The questions compiled in the survey were true and false, and a sampling of some of the ones Americans seemed to struggle with dealt with frequency of teeth cleaning, causes of cavities, and the age at which a child should make his or her first trip to the dentist.

The conditions of mouths nationwide should serve as a testament to the lack of knowledge regarding proper dental health care. Ninety percent of Americans between the ages of 20-64 have had cavities in their adult teeth, according to the National Institute of Dental and Craniofacial Research (NIDCR). Children, too, who have not yet lost their baby teeth, have been found to have mouths crammed with cavities: nearly fifty percent of children between ages 2-11 have cavities.

ADA’s newly launched consumer website, Mouth Healthy, provides important information on preventative dental care and treatments; hopefully, the site will serve as a springboard for Americans in improving their dedication to oral care. To learn more about tooth care, and to see if you’re up to par on dental hygiene, visit Mouth Healthy’s website, and test your knowledge with their dental IQ exam.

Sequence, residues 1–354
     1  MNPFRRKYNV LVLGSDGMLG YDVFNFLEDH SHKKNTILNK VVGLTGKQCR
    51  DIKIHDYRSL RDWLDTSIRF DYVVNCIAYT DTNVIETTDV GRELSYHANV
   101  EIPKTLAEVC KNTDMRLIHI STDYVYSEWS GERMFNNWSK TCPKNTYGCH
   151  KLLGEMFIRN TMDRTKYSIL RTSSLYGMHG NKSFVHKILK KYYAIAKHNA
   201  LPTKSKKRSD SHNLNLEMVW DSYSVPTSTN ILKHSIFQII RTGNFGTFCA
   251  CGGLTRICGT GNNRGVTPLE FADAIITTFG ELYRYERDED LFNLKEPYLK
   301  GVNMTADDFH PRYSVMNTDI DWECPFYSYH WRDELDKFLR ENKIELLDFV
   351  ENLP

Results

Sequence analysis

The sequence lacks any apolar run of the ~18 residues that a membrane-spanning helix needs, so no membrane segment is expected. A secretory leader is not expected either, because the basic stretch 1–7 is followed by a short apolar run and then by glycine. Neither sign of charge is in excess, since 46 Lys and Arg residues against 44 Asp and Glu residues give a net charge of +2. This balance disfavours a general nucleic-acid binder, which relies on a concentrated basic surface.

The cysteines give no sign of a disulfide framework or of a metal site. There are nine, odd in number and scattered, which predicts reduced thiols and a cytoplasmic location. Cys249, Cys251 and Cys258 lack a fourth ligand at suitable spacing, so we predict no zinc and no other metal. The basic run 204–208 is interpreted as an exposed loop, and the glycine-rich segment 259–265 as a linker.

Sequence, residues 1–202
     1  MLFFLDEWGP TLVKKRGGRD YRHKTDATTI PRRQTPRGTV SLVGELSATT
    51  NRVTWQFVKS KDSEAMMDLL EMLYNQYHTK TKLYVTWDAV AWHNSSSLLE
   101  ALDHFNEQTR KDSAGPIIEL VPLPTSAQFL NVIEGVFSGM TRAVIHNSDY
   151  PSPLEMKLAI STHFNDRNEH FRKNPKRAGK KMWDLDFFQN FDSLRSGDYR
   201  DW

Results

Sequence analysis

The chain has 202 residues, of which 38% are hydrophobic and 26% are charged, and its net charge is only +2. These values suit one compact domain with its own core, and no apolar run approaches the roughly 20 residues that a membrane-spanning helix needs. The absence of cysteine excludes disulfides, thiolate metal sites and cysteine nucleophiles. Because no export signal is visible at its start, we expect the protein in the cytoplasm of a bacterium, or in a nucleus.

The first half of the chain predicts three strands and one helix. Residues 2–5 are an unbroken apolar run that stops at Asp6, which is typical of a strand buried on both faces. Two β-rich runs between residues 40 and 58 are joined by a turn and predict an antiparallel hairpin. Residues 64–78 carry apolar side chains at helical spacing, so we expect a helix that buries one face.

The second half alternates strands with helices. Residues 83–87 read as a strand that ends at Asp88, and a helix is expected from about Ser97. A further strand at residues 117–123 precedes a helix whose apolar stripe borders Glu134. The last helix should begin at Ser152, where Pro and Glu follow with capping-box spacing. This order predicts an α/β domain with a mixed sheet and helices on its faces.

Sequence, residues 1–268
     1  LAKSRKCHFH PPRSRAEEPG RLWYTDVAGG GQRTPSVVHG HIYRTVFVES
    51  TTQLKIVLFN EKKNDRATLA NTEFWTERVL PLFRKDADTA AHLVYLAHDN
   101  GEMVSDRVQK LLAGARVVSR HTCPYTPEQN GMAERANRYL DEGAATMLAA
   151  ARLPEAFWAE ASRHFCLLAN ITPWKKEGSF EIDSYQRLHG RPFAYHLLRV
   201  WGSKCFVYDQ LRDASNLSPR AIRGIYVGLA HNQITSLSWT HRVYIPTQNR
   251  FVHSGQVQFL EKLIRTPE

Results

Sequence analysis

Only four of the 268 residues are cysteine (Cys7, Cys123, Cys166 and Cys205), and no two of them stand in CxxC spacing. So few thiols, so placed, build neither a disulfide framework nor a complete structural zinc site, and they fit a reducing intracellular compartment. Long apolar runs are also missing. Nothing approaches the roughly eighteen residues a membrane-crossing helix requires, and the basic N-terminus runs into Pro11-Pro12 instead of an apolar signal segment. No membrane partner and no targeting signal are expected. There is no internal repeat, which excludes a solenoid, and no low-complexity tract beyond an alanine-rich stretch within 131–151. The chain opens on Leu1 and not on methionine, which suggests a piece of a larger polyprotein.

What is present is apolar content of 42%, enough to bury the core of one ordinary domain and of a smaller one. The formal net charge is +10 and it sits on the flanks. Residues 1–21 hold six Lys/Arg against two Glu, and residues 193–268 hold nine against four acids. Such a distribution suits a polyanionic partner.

Start showing an interest in your dental health today by scheduling a routine visit for preventative care with Leikin & Baylin Dental Care of Catonsville.

Leikin & Baylin Dental Care of Catonsville offers custom-fitted night guards, the most widely used treatment for bruxism. This device slips over the teeth, preventing contact with the opposing teeth, relieving the pressures of grinding and clenching.

If you have any questions about Preventative Dental Care or Routine Cleaning, or wish to schedule an appointment, please contact Leikin & Baylin Dental Care of Catonsville, Maryland by calling 410-747-1115 or visit

“We are a team of caring health professionals who provide unparalleled dental excellence and treat our patients as members of our family.”

You can also follow us on Facebook, Twitter, and Google+.


Oral Health – Americans Score Badly